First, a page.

Covering the Bases: Game 33
They overcame some shaky pitching with a pile of offense.
Ricky Romero didn’t have his best stuff (five walks, 5 1/3 innings) and the bullpen struggled behind him. Shawn Camp gave up a homer to Alex Rios, Scott Downs hit Juan Pierre with the bases loaded and Jason Frasor allowed a run.
Have no fear, though, @fdotlew is here. With two on and the Jays down 7-5 in the ninth inning, Lewis drilled a pitch from Bobby Jenks to right for a three-run shot that regained the lead for the Jays.
“A burst of energy came out of nowhere when I saw those guys out there on base,” Lewis said. “I was like, ‘Man, I’ve just got to hit this ball somewhere.'”
Boy, did he ever.
Lewis is looking more and more like a great addition, making for a bit of a mess in terms of what to do when Edwin Encarnacion is ready to return from the disabled list. My guess is the Blue Jays continue to take their time with EE while Travis Snider is heating up, Lewis is producing and Jose Bautista is holding steady at third base.
Lewis’ heroics aside, one of the better developments on Sunday was some life out of the bats of Aaron Hill and Adam Lind. The bullpen struggled on Saturday, but Hill and Lind combined for an 0-for-8, making a comeback that much harder. On Sunday, Hill snapped an 0-for-18 with a double in the third and then scored when Lind snapped an 0-for-12 with a two-run single.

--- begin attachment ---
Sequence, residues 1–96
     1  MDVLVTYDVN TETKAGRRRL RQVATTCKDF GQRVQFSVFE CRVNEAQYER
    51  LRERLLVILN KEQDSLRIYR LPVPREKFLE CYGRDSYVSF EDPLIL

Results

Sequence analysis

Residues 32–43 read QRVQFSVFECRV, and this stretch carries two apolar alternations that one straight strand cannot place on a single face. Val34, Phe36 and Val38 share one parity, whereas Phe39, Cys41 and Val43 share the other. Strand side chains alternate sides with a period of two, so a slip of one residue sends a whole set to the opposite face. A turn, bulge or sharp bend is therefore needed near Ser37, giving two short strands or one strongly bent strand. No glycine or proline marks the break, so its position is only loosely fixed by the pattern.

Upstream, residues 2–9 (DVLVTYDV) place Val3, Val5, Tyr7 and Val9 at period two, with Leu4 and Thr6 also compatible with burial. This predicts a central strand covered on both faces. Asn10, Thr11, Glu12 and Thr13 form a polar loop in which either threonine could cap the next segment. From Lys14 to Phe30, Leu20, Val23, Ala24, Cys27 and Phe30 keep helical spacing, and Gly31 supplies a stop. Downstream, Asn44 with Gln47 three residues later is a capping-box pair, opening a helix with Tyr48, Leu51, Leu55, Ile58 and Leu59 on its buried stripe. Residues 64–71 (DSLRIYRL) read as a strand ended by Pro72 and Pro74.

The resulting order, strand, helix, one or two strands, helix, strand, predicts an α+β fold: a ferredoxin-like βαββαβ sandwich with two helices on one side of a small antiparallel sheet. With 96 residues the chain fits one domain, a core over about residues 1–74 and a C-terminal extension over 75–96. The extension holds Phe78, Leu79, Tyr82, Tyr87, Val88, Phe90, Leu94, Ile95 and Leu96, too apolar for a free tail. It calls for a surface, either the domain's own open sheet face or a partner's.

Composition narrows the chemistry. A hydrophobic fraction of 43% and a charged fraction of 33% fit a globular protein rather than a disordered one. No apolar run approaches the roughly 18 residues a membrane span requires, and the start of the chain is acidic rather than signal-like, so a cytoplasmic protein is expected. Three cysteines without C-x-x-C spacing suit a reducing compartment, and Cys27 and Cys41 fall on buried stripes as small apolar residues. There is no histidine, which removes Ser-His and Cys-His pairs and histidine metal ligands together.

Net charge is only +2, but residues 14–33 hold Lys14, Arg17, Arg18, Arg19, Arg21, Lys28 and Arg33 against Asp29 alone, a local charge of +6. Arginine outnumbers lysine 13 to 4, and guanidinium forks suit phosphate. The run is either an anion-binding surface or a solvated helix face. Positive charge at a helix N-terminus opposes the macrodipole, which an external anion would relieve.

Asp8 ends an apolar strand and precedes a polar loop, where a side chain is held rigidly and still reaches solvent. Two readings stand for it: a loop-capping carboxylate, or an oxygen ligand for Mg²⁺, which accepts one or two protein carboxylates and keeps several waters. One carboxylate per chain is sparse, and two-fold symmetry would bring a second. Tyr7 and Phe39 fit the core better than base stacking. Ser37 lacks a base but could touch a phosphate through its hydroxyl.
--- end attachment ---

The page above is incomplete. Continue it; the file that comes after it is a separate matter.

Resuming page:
The Jays can only hope that’s a start of a turnaround for their dynamic duo.
SECOND: When Downs hit Pierre with a pitch in the seventh, forcing in a run with the bases loaded, it got me thinking. It sure seems like the Jays have allowed a good chunk of runs to score on walks or hit batters with the bases loaded this year. I mean, Casey Janssen walked in two runs just a day ago.
I hate when I’m right…
The Blue Jays have allowed eight runs to score with the bases loaded on either walks (six) or hit batsmen (two) — the most in baseball. Ouch. On Sunday, Toronto had six bases-loaded plate appearances, and the pitchers allowed five runs on two hits (another two came in on grounders.
Overall, the Blue Jays have allowed 29 runs to score on 11 hits with the six walks and two hit batters with the bases loaded. That’s in 34 plate appearances for opposing batters. I hate to be the bearer of bad news, but that’s not that good.
THIRD: This just in: Rios loves facing the Blue Jays. Who knew? In eight games against Toronto this year, Rios has hit .394 (13-for-33) with three doubles, three homers and five RBIs. On Sunday, he went 4-for-4. Rios wasn’t even being booed for extra motivation this time around.
HOME: I’d love to end on a high note, like the fact that the Jays have four wins when trailing after eight innings or that they have 11 comeback victories already. But, I’m going to head back into Debbie Downer territory for a moment…
Ricky Romero leads baseball with 12 wild pitches — more than double the No. 2 man, Tim Wakefield. I’ve said it before, and I’ll say it again, this is not all Romero’s doing. In fact, I applaud him from still pounding the lower half of the zone, even though his catchers — two signed for their defensive abilities — have struggled so mightily to block pitches this season.
Catch you from Fenway.